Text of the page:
Molecular biology of calcific aortic valve disease: towards new pharmacological therapies

Expert Rev Cardiovasc Ther. 2014 Jul;12(7):851-62. doi: 10.1586/14779072.2014.923756. Epub 2014 May 24.


Calcific aortic valve disease (CAVD) is a chronic process leading to fibrosis and mineralization of the aortic valve. Investigations in the last several years have emphasized that key underlying molecular processes are involved in the pathogenesis of CAVD. In this regard, the processing of lipids and their retention has been underlined as an important mechanism that triggers inflammation. In turn, inflammation promotes/enhances the mineralization of valve interstitial cells, the main cellular component of the aortic valve. On the other hand, transformation of valve interstitial cells into myofibroblasts and osteoblast-like cells is determined by several signaling pathways having reciprocal cross-talks. In addition, the mineralization of the aortic valve has been shown to rely on ectonucleotidase and purinergic signaling. In this review, the authors have highlighted key molecular underpinnings of CAVD that may have significant relevance for the development of novel pharmaceutical therapies.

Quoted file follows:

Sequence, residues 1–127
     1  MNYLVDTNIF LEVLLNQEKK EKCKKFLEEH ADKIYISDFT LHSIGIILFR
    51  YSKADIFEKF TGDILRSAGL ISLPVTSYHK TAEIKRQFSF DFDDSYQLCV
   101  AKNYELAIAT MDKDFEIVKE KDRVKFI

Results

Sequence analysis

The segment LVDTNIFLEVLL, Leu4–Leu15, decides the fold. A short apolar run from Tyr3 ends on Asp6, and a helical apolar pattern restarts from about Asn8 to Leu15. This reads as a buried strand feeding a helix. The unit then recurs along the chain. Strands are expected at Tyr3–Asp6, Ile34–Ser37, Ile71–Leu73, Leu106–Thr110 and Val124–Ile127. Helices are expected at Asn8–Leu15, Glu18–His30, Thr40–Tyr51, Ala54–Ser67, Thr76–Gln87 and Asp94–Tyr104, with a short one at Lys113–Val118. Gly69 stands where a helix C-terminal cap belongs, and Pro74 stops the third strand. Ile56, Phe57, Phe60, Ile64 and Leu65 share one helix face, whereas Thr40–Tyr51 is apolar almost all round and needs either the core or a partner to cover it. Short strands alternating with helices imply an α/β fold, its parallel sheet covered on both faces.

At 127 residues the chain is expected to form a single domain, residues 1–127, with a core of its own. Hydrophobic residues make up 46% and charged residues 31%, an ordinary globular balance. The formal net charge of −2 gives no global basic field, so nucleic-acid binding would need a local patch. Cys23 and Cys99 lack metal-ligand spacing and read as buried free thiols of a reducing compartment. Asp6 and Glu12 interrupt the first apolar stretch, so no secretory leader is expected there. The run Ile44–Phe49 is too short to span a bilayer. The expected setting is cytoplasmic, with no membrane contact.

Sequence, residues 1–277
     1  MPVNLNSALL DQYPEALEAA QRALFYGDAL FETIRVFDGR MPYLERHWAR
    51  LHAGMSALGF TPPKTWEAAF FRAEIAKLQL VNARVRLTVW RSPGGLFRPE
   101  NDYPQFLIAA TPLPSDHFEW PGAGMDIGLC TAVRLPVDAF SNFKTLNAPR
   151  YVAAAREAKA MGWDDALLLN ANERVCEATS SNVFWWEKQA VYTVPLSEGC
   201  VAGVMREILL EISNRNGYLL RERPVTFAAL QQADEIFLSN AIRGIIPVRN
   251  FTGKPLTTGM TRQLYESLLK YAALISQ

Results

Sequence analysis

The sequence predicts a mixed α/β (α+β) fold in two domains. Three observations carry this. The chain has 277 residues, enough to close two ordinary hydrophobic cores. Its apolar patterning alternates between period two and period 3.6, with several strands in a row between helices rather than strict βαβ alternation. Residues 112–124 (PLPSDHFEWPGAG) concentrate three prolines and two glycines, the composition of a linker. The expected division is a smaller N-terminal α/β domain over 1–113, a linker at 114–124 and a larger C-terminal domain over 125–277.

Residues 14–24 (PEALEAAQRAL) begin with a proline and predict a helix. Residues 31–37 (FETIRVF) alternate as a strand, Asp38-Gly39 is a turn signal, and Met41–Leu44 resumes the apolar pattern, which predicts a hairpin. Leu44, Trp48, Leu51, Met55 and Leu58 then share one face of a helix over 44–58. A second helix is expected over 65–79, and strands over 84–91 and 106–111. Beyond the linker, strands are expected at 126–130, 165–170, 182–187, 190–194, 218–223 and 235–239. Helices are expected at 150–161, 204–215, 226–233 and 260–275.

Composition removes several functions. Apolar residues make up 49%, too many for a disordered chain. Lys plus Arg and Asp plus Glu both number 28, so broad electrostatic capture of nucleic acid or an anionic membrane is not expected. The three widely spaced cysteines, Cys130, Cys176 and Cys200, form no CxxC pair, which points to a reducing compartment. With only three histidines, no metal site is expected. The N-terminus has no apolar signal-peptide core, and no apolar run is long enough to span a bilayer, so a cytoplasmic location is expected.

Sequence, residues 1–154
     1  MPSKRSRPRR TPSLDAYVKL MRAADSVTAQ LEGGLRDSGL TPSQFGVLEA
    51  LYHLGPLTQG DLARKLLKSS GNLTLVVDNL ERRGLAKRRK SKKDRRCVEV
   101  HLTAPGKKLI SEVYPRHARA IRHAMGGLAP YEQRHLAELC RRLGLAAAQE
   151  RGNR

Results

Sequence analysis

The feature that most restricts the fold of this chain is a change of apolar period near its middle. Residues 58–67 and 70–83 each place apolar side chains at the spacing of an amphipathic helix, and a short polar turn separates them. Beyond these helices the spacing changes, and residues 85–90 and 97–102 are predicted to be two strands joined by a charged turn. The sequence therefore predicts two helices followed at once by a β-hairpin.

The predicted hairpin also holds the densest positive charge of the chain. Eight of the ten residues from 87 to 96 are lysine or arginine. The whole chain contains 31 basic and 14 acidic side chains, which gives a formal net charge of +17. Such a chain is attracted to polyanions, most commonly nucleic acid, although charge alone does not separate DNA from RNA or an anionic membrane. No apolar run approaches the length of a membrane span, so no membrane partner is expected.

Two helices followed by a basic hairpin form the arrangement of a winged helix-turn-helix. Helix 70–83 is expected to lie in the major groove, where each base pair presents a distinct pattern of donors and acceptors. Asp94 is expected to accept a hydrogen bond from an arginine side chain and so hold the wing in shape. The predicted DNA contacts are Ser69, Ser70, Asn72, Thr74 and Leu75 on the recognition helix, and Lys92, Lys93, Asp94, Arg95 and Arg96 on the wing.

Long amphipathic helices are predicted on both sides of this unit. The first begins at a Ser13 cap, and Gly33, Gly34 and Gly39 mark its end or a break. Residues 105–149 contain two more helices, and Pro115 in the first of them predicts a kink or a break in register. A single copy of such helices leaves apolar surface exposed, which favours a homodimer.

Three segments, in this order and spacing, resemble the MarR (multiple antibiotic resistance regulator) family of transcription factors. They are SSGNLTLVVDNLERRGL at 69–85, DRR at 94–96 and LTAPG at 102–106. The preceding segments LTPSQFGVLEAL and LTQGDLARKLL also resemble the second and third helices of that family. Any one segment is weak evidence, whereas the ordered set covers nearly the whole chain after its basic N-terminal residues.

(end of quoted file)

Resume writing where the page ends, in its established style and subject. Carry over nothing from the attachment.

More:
Keywords: Lp-PLA2; TGF-β; Wnt; aortic stenosis; bone morphogenetic protein; calcific aortic stenosis; calcific aortic valve disease; calcification; ectonucleotidase; lipid; notch; ox-LDL.

Publication types

  • Research Support, Non-U.S. Gov't
  • Review

MeSH terms

  • Aortic Valve Stenosis / etiology
  • Aortic Valve Stenosis / physiopathology*
  • Humans
  • Lipoproteins, HDL / metabolism
  • Lipoproteins, LDL / metabolism
  • Vascular Calcification / etiology
  • Vascular Calcification / physiopathology*


  • Lipoproteins, HDL
  • Lipoproteins, LDL